So Much Talent, So Many Dedicated People
Working on the Spring 2016 issue we have talked to a wide number of startups and investors, and some of us have had time to be part of a failing startup since the previous issue too. Whether it’s a success or failure, most of the startup stories come back to one key ingredient: the people.
It is clear to all that there is little room for obnoxious consultants or lazy cover-up artists in an early-stage startup – but they still end up working at startups.
How to avoid that?
Walk across the road when you see a consultant, could be an easy suggestion, but it is not always possible.
So-called soft skills are often overlooked when you compile a cofounder team.
At the same time, in the early stages, hiring is often the most crucial skill for the startup to succeed. It’s simple to say – you should hire people smarter than you – but executing on it is much tougher. Only life can teach you to do it; your average business school degree does not help here at all.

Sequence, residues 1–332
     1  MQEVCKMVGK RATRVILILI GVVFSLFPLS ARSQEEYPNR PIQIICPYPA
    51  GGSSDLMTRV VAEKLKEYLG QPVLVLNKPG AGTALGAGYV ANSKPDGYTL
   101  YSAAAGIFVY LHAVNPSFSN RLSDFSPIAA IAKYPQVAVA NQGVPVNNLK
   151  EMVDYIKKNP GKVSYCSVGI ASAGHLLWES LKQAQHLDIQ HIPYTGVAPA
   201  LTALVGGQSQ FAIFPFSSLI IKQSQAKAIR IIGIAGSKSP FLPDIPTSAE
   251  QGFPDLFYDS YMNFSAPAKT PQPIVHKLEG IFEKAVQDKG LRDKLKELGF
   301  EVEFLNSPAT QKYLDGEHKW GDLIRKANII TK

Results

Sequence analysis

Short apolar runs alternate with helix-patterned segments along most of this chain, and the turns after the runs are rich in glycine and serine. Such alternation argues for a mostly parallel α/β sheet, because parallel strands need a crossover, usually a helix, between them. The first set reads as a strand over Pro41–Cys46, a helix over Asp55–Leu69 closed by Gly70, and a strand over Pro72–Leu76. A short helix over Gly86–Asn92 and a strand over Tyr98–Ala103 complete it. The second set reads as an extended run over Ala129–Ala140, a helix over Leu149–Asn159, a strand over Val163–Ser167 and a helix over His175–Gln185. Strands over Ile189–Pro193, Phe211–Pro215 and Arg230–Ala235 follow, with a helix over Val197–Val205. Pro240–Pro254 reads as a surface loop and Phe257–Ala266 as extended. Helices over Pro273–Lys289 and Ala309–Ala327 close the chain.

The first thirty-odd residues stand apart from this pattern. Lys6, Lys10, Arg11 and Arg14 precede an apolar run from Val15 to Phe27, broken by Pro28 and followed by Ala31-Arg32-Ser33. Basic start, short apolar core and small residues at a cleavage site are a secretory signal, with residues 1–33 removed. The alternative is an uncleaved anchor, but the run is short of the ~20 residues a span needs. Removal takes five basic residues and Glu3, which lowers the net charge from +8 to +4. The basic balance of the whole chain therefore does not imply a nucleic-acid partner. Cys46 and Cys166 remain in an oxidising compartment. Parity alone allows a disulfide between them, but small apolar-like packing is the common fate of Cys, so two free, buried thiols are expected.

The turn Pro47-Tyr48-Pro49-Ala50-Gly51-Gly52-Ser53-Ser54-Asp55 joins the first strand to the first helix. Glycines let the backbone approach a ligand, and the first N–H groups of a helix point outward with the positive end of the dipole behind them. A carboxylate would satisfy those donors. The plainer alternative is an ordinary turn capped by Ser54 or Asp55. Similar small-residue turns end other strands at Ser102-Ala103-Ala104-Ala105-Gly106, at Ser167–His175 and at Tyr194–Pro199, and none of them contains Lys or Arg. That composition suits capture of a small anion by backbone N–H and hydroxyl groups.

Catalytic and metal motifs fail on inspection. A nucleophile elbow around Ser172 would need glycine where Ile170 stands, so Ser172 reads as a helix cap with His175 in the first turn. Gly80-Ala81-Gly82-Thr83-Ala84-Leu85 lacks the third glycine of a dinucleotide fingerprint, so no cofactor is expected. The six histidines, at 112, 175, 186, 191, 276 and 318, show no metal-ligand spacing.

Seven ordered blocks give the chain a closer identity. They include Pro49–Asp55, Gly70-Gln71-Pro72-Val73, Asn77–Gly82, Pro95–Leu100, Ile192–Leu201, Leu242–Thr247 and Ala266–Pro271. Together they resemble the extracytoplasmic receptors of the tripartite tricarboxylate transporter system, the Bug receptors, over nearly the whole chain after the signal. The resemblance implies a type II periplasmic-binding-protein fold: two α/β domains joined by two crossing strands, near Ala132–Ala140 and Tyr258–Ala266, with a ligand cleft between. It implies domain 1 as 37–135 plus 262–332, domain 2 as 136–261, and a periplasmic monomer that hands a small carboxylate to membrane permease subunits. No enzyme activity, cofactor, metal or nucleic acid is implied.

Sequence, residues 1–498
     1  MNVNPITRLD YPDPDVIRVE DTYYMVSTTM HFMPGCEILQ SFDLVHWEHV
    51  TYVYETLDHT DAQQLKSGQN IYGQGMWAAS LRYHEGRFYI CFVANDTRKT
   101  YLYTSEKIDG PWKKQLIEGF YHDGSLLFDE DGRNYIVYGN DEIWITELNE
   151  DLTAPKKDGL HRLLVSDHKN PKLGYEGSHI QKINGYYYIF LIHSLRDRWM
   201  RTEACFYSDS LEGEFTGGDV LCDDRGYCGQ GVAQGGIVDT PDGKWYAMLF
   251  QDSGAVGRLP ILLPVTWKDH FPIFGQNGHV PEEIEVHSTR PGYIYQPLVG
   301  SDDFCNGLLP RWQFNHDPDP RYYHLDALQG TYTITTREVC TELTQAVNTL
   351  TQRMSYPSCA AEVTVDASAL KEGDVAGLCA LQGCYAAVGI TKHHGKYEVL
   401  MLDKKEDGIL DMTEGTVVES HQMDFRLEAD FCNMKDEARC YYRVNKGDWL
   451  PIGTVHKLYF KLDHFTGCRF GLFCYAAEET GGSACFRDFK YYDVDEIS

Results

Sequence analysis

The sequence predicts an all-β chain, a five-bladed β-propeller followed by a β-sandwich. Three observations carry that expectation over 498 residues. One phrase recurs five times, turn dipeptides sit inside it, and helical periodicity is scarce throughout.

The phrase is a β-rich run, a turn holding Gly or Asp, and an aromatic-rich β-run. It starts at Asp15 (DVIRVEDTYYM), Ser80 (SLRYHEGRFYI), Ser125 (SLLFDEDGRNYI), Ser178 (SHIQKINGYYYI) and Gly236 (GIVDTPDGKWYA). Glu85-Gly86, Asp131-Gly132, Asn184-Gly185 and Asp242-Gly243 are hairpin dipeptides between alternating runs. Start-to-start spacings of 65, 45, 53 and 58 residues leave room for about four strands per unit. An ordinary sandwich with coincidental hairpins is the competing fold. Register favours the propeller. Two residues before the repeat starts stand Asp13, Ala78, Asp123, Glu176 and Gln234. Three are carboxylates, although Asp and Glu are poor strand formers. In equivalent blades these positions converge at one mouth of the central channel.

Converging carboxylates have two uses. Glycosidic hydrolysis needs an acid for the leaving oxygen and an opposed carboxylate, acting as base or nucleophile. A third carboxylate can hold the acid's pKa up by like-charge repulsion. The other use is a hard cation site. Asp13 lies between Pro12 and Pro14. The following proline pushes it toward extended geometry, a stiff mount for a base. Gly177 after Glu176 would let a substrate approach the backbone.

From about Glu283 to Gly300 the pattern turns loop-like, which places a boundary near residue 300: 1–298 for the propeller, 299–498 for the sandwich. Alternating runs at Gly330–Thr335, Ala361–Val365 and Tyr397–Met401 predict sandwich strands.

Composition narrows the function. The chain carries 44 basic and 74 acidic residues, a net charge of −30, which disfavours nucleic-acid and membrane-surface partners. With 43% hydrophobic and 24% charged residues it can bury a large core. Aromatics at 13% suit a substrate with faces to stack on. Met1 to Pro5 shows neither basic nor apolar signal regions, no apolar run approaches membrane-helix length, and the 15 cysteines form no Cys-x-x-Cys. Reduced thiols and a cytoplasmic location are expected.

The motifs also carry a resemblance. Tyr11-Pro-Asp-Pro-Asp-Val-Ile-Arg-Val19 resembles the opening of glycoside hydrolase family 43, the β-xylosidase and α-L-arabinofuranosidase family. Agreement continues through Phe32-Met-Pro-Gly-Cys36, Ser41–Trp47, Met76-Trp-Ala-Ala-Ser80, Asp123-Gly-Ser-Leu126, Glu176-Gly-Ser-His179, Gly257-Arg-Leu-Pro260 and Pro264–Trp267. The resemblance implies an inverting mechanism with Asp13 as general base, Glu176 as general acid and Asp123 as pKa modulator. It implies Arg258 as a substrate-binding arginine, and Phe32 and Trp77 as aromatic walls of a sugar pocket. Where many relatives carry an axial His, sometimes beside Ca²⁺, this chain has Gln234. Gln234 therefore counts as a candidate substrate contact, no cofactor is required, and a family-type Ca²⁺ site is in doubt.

Most of our stories touch on this topic from one perspective or another. For example, we talk a lot about girls in our industry – they definitely offer the potential to bring soft skills to teams. But they might also be the ones bringing the balancing skills to make fantastic teams: just read about the love story of French startup Happy Couples.
Christian Buchenau, a partner of Berlin-based Paua Ventures, says the investment firm has been able to stand out by being a service provider for startups. Even when they do not invest they have tried to help young entrepreneurs move forwards.
“We see so much talent, so many dedicated people here, so many young people who are risking everything, who are living for their companies, who are living for their idea. Who are waking up with their idea, going to sleep with their idea and why in the hell should somebody who listened to that idea for, I don’t know, 60 minutes or something, think he can be arrogant about that. No matter if we think the idea is not very good or whatever. It just doesn’t make sense at all.”
One can only agree.